In FIG. 4(a) is shown an equivalent circuit for the over discharge protection circuit 40 while the system 100 is in the normal operation mode or during the course of entering the hibernation mode. Since the output terminal voltage VBATT is divided by the resistors R1 and R2, the voltage VIN of an R2/(R1+R2) multiple is transmitted to the voltage detector 42. Thus, the threshold voltage value VTH1 of the over discharge protection circuit 40 is represented by the expression: ##EQU1##

During the course of entering the hibernation mode, the HDD 84 starts to be powered so that the power consumption by system load becomes high. If the HDD 84 is suddenly accessed while a threshold voltage VTH1 is set higher value, the over discharge protection circuit 40 may erroneously sever the power feed line from the battery pack 20. Also, it is known that the battery rarely becomes over discharged state while a discharge the discharging current is larger even though an output voltage is relatively low. Taking these matters into consideration, the threshold voltage value VTH1 of the over discharge protection circuit 40 should be low. For example, when the battery pack 20 is constituted by seven NiCd/NiMH battery cells that are connected in series, it is known from experience that VTH1 ≉6.2 V is proper. Since R1=20 kΩ and R2=85 kΩ in this embodiment, the threshold voltage value VTH1 is set to an optimal value represented by the expression: ##EQU2##

An explanation will now be given for the operational characteristic of the over discharge protection circuit 40 when the system 100 is in the suspend mode, or when the power is off (including the hibernation mode). As is shown in Table 1, when the VCC5B is in the OFF state, the transistor Tr1 is not activated. Accordingly, the terminal voltage VBATT is applied to the gate of the FET switch SW1, which is then turned on.

In FIG. 4(b) is shown an equivalent circuit of the over discharge protection circuit 40 when the system 100 is in the suspend mode or when the power is off (including the hibernation mode). Since the output terminal voltage VBATT is divided by the resistors R1 and R2' (R2' is the equivalent of the parallel connected resistors R2 and R4), the voltage VIN of R2'/(R1+R2') times is sent to the voltage detector 42 (1/R2'=1/R2+1/R4). Therefore, the threshold voltage value VTH2 of the over discharge protection circuit 40 is as represented by the expression: ##EQU3##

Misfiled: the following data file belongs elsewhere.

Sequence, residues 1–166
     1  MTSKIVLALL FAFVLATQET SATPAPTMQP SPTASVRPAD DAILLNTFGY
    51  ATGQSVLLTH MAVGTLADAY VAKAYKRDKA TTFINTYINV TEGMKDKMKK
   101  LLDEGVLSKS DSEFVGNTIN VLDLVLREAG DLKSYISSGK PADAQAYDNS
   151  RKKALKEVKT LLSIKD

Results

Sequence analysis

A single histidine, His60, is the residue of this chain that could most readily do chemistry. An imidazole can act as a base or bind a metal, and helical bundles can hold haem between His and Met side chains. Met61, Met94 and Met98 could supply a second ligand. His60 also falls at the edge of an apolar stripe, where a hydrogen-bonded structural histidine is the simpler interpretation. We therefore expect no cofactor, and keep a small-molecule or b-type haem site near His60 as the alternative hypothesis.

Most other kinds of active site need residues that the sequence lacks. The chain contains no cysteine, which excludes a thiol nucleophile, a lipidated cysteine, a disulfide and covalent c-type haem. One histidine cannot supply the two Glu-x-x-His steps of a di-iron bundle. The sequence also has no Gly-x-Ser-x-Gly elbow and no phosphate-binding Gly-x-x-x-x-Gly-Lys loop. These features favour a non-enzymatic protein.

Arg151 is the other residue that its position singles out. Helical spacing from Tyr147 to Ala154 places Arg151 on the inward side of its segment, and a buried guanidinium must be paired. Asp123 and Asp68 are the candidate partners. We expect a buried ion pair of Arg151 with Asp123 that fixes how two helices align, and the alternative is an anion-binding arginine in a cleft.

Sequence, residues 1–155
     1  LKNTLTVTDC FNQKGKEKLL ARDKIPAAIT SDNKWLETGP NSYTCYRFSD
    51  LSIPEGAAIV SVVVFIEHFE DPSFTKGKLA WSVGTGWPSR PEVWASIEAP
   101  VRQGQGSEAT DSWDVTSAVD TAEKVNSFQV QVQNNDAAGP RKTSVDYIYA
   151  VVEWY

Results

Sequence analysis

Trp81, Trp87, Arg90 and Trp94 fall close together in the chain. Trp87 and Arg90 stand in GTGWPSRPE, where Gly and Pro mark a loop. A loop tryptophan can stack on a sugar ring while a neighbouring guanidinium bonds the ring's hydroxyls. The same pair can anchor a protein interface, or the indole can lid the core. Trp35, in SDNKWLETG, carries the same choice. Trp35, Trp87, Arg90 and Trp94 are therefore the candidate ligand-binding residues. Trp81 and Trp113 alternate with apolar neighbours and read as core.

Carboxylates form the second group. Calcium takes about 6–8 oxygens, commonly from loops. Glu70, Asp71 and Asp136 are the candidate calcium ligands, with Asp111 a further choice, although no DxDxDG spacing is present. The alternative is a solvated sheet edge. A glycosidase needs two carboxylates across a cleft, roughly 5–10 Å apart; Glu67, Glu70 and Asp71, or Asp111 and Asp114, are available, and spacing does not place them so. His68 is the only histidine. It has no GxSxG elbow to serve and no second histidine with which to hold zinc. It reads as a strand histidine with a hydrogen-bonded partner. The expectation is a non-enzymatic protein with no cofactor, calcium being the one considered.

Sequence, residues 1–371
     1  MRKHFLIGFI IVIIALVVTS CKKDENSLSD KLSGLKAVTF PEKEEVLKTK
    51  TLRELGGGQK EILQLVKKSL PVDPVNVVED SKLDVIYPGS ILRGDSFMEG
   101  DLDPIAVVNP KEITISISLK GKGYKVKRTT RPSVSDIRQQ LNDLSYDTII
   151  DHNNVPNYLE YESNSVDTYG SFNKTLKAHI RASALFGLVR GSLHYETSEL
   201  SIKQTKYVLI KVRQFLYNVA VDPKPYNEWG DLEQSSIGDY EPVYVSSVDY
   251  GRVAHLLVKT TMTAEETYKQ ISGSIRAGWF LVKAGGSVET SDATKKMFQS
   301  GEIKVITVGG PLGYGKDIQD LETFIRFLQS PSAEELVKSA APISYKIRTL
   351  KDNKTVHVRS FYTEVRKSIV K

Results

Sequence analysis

As is obvious by referring to Table 1, when the system 100 is in the suspend mode or when the power is off (including the hibernation mode), the power consumption by the system load 50 is extremely low. As is mentioned in "Description of the Background", the battery easily becomes the over discharged state when a small discharge current flow continues for an extended period of time. In this case, therefore, the over discharge protection circuit 40 must detect the over discharged state by using the threshold voltage value VTH2, which is higher than the voltage VTH1. When, for example, the battery pack 20 is constituted by seven NiCd/NiMH battery cells that are connected in series, it is known from experience that VTH2 ≉7.0 V is optimal. Since R4=125 kΩ in this embodiment, the threshold voltage value VTH2 is set to an optimal value that is represented by the expression: ##EQU4##

The present invention has been described in detail while referring to the specific embodiment. However, it should be obvious to one having ordinary skill in the art that various modifications or revisions of the embodiment are possible within the scope of the present invention. The present invention can be applied for other battery-operated electric/electronic apparatuses: facsimile apparatuses; various types of cordless devices, such as moving wireless terminals, cordless telephones, electronic notebooks and video cameras; word processors; etc. That is, although the present invention has been disclosed by using an example, it should not be limited to that example. To understand the subject of the present invention, the claims should be referred to.

As is described above in detail, according to the present invention, an over discharge protection circuit for a battery can be provided that can appropriately prevent an over discharge of a battery in response to the operational state of an electric/electronic apparatus, even if the operational state is varied in order to save the power consumption. Therefore, with the over discharge protection circuit of the present invention, a battery-operated electric/electronic apparatus, such as a notebook computer, can prevent an over discharge of a battery without causing a sudden halt in the supply of power.